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« Reply #15 on: March 11, 2012, 11:54:29 am »
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you're stealing my peace, deadman.
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Bacon King
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« Reply #16 on: March 11, 2012, 12:15:44 pm »
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Are there really that many people that want to vote and can't under the current system because it's on a Tuesday and are too stupid/ignorant to vote any other way?  Do we really want more stupid/ignorant people voting?

Example: I worked from 8-2 on Tuesday, then had class from 3-7. I found out that I had to cover that shift the day before, so it was obviously too late to get an absentee ballot. It takes just over an hour to drive from home to work, when you account for rush hour traffic, and driving home to my polling place would be waaay out of my way when I'm driving between work and school. Georgia polls are open 7-7. I would not have been able to vote last week if my professor hadn't canceled my second class; as it is, I was the very last person to vote in my precinct.

Are you seriously insinuating that someone like me is "stupid/ignorant" just because I manage to balance being a full-time student with a full-time job? And I would somehow be less ignorant if I worked less and/or didn't go to school? Don't be ridiculous.

Tuesday election days only disenfranchise the busy. Caucuses are worse because they force you to take like three hours out of your day; but I'd hate to live in a state that only allowed election day voting. (And I guess personally, I'm going to take this as a lesson to always do early voting from now on, but that makes me sad because I like going into the booth on election day).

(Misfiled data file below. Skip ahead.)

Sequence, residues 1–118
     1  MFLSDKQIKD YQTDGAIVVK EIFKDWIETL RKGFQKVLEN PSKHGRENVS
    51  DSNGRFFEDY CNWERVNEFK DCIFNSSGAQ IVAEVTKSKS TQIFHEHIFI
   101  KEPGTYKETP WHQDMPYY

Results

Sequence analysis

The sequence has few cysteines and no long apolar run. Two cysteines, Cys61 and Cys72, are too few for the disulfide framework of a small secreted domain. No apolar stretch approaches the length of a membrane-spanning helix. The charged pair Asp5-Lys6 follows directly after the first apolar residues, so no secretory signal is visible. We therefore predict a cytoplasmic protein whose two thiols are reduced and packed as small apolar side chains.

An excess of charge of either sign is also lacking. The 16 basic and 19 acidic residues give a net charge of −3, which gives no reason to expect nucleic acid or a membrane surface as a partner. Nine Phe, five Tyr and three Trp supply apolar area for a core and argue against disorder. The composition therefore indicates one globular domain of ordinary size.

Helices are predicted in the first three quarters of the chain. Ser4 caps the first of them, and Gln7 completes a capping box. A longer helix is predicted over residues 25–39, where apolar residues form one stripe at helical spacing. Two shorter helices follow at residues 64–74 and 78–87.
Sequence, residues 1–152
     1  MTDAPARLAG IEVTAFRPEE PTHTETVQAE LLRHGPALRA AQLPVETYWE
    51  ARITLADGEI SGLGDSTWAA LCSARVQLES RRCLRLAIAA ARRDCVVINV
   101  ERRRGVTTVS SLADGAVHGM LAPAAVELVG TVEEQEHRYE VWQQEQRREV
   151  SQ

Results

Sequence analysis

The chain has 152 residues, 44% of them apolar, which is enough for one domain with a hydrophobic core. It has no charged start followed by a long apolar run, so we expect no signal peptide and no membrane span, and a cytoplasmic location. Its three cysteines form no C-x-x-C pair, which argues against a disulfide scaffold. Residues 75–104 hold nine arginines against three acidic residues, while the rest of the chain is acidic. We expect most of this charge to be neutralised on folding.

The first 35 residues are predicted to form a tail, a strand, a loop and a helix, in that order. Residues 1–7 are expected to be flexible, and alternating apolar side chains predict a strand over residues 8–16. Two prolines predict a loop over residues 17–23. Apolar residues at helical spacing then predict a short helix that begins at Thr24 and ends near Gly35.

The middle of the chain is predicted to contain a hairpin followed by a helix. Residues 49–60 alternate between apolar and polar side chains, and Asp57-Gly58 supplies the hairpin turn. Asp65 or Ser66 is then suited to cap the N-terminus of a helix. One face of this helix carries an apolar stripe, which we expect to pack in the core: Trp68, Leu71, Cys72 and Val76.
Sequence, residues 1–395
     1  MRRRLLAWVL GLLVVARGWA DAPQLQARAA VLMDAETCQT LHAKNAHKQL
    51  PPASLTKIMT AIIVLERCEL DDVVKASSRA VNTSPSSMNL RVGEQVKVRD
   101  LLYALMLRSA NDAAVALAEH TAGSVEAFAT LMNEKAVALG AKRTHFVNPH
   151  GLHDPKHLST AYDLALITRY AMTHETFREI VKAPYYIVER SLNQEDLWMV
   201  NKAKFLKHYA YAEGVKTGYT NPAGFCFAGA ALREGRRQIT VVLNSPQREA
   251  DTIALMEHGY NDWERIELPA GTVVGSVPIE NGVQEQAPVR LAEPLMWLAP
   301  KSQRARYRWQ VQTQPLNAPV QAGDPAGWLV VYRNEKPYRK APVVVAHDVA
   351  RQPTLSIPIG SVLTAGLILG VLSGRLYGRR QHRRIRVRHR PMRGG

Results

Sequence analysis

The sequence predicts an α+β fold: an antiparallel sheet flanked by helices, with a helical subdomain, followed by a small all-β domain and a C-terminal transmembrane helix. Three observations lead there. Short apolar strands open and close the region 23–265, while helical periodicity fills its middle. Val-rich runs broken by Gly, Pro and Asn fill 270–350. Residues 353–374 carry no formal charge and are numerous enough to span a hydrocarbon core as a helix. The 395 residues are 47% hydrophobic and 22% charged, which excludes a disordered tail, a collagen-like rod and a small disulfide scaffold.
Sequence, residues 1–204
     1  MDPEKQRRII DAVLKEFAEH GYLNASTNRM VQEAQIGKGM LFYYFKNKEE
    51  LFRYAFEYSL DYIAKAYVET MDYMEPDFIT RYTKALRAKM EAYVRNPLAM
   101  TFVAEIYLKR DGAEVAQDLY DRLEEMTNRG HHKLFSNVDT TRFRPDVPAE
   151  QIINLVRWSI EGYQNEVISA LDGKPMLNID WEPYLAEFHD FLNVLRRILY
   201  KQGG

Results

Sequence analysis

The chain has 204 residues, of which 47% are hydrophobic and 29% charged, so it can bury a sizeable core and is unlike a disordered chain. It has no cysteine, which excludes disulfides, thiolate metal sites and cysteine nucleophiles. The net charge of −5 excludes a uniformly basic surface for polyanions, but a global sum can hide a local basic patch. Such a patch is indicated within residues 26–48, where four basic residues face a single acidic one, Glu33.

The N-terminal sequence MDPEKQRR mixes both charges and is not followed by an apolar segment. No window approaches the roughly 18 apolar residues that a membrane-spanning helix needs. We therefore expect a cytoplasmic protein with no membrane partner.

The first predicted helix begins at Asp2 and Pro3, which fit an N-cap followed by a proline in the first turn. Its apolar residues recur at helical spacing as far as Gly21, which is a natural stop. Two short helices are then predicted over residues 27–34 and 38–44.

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« Reply #17 on: March 11, 2012, 02:32:06 pm »
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Fully support.
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« Reply #18 on: March 11, 2012, 02:57:08 pm »
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Too bad they didn't introduce this bill when the Democrats still had a majority in the House and Senate.

Makes you wonder why they didn't? Perhaps half of them are complicit and the other half spineless? Democrats are pathetic.
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« Reply #19 on: March 11, 2012, 03:05:30 pm »

The only problem with weekend elections is that they'd likely run afoul of religious observances. I'm not sure I want people attending a church for services the same day that a polling booth is open in one. And if we went Saturday instead of Sunday, would that be a slight to the Jewish?

I dunno, I sort of like the Tuesday tradition. A better solution would be to make "Election Tuesday" a national holiday instead.
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« Reply #20 on: March 11, 2012, 03:08:55 pm »
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Making Election Day (1st Tuesday of November, right?) a federal holiday is easier in my opinion, so I oppose moving it to the weekend.